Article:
The Eighth Amendment to the Constitution requires only that states provide an inmate with "nutritionally adequate food." State v. York, 701 N.E.2d 463, 469 (Ohio App. 1997) citing Ramos v. Lamm, 639 F.2d 559, 570-571 (10th Cir. 1980), cert. denied, 450 U.S. 1041, 101 S.Ct. 1759, 68 L.Ed.2d 239 (1981); Newman v. Alabama, 559 F.2d 283, 291 (5th Cir. 1977), rev’d in part on other grounds, Alabama v. Pugh, 438 U.S. 781, 98 S.Ct. 3057, 57 L.Ed.2d 1114 (1978) ("If the State furnishes its prisoners with reasonably adequate food, ... that ends its obligations under Amendment Eight."). "A well-balanced meal, containing sufficient nutritional value to preserve health, is all that is required." Smith v. Sullivan, 553 F.2d 373, 380 (5th Cir. 1977). "The Eighth Amendment does not require prisons to provide prisoners with more salubrious air, healthier food, or cleaner water than are enjoyed by substantial numbers of free Americans." Carroll v. DeTella, 255 F.3d 470, 472 (7th Cir. 2001) (citations omitted).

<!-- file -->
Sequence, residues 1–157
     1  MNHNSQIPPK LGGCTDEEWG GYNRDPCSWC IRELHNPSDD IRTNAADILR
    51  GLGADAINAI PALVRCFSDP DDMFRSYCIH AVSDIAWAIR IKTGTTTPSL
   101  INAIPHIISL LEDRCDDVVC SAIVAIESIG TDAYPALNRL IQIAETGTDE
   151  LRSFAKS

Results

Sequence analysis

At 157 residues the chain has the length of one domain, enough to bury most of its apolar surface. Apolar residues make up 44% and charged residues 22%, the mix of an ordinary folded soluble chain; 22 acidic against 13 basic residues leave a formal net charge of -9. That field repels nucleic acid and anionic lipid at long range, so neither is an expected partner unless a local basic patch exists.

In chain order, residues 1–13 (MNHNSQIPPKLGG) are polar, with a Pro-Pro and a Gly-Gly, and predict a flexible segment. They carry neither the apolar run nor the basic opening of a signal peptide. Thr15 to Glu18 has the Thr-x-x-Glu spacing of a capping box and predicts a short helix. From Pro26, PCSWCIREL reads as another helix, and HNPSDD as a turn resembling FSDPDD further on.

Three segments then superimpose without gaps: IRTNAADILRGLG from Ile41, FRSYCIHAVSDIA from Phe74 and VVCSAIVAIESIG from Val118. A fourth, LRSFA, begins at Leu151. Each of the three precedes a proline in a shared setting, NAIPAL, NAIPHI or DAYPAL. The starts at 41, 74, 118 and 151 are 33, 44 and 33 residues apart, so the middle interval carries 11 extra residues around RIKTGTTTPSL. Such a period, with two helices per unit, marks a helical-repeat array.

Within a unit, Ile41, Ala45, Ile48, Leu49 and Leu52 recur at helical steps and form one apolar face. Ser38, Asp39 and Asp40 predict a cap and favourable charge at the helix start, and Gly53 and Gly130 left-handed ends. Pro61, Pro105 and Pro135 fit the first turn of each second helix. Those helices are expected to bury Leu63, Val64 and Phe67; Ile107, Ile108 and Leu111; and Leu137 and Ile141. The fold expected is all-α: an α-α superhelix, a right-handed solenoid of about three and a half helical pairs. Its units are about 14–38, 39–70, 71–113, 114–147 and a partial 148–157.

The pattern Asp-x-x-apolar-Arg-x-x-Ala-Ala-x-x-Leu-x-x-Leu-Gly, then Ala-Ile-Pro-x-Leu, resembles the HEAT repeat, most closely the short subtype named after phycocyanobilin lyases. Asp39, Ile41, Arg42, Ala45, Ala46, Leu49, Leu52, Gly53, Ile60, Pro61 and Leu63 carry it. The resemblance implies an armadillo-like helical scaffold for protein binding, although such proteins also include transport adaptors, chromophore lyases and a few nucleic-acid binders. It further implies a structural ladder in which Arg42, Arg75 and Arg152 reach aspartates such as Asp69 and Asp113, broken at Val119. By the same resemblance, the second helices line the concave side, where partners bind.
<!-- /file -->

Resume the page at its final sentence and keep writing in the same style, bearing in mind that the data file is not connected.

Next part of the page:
Food Service Operations